To be sure, China’s stock-market bubble did not emerge until recently. Last October, when the Shanghai Composite Index was in the 2,500 range, many analysts considered equity prices undervalued. Given relatively strong economic growth, rising prices seemed justified until about March, when the market, driven by mostly thinly traded small- and mid-cap stocks, shot to over 5,000, placing the economy at risk. (And, in fact, many still claimed that the rally was not unsustainable, as the stock market was trading at a forward price-to-earnings ratio of about 15, consistent with its ten-year average, in mid-April.)
But it was a bubble – and a highly leveraged one at that. While periodic bubbles may be unavoidable, and no bubble is without consequences, a highly leveraged bubble tends to cause far more damage, owing to its impact on the real economy and the duration of the deleveraging process.
This is reflected in the persistently sluggish recovery in the advanced economies today. Even the United States, which has fared better than most since the crisis, has recorded GDP growth of little more than 10% since the start of 2008; over the same period, China’s economy grew by about 66%.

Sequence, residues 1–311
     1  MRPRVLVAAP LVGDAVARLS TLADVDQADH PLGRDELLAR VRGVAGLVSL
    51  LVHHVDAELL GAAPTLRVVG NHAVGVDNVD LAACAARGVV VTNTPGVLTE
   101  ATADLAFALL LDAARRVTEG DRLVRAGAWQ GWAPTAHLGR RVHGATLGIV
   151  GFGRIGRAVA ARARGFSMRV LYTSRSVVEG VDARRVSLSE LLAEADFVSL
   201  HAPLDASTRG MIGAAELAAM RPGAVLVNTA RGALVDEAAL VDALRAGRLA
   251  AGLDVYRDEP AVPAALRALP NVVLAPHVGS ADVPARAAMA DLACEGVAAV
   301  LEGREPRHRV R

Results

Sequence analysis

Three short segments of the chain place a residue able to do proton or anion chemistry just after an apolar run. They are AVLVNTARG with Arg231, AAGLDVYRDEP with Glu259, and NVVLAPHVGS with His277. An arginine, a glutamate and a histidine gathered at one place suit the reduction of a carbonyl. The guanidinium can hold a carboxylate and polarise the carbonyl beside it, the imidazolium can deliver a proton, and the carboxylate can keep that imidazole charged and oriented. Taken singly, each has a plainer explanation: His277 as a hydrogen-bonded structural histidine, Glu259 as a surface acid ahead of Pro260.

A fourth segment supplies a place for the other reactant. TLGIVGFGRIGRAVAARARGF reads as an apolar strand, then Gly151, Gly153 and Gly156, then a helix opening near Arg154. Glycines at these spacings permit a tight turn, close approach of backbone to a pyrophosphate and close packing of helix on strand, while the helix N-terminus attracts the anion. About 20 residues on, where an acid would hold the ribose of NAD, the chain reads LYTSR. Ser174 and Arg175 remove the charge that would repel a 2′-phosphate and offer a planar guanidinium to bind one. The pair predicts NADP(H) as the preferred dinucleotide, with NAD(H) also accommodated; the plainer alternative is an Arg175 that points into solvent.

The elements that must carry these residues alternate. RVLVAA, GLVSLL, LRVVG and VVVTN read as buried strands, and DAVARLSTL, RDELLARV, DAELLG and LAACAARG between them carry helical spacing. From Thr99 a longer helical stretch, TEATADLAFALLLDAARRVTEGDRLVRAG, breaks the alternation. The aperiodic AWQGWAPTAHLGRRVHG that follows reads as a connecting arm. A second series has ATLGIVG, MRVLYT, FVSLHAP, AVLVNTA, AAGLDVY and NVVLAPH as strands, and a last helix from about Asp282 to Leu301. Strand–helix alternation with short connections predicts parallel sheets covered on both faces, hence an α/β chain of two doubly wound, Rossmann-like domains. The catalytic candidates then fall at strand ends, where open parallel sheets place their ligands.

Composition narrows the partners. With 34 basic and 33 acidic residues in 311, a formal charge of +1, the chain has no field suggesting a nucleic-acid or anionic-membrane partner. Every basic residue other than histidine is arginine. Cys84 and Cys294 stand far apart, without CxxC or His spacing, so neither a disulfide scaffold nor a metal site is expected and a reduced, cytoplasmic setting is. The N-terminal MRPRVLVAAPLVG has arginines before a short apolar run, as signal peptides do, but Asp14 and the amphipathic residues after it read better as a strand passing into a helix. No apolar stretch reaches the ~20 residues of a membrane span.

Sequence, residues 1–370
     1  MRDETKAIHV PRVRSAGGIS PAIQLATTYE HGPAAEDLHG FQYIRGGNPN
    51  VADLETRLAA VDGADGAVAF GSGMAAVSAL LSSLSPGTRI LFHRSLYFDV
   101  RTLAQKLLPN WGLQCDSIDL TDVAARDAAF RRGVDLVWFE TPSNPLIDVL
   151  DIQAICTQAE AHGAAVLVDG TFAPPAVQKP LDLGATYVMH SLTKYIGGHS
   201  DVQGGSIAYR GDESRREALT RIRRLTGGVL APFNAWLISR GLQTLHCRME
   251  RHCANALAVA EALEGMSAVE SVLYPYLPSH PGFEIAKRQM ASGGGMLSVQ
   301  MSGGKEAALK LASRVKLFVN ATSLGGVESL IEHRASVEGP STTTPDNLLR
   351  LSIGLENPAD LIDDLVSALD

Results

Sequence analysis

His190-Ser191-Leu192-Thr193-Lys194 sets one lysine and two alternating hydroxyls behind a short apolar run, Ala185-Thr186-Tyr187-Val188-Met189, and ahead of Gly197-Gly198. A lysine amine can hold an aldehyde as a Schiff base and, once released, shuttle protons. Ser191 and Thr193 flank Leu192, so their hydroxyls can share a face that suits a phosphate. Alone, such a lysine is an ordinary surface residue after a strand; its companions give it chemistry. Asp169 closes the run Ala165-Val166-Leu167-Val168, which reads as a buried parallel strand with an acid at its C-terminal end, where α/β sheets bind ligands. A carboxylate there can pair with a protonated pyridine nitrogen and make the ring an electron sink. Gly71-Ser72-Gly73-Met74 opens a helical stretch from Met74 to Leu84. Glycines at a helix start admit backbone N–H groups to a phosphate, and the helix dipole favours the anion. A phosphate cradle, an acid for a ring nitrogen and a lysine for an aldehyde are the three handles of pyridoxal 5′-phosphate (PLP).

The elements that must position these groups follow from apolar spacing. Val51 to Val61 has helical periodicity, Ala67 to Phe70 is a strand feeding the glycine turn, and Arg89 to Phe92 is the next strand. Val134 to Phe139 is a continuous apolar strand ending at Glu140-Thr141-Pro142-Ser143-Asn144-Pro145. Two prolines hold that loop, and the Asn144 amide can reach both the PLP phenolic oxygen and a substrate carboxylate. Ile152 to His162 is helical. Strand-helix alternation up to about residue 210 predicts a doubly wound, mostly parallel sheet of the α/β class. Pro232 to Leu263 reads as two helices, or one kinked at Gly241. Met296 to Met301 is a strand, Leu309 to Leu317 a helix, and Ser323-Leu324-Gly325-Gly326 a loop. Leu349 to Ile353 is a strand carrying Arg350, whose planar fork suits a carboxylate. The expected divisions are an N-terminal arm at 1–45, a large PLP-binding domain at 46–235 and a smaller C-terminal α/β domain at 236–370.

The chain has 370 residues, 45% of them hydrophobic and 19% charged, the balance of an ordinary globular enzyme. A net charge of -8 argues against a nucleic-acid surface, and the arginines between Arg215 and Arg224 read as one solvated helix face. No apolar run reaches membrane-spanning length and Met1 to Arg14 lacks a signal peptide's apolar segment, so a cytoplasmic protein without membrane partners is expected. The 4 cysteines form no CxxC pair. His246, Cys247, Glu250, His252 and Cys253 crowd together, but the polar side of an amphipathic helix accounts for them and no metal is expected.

Of course, with China’s household sector holding a relatively small share of equities compared to real estate, the current stock-market slump is unlikely to derail the economy. Nonetheless, as in 2007, the prospect that lost savings will trigger social unrest cannot be dismissed, especially at a time when tools like social media enable citizens easily to share information, air grievances, and mobilize protest.
As previous crises have shown, and as the current downturn in China has highlighted, steps must be taken to mitigate market risks. Specifically, China needs prudential regulation that limits the use of leverage for asset purchases. Here, the country already has an advantage: relatively high levels of equity and low mortgage-to-value ratios typically characterize real-estate purchases by China’s household sector.
Moreover, once a market correction begins, the authorities should allow it to run its course, rather than prop up prices with additional leverage – an approach that only prolongs the correction. If Chinese regulators allow the market to correct, sophisticated institutional investors with a long-term value orientation will ultimately step in, enhancing the market’s stability. In the interim, the use of public balance sheets to purchase enough equity to prevent the market from over-correcting may be justified.
As China’s markets expand – the capitalization of the Shanghai and Shenzhen markets is on the order of $11 trillion – they are increasingly outstripping policymakers’ capacity to manage prices and valuations. The only practical way forward is for the Chinese authorities to focus on regulatory and institutional development, while following through on their commitment to allow markets to play the decisive role in allocating resources.
This article first appeared in Project Syndicate on July 29, 2015.
The views expressed in this article are the author's own and do not necessarily reflect Asia Global Institute's editorial policy.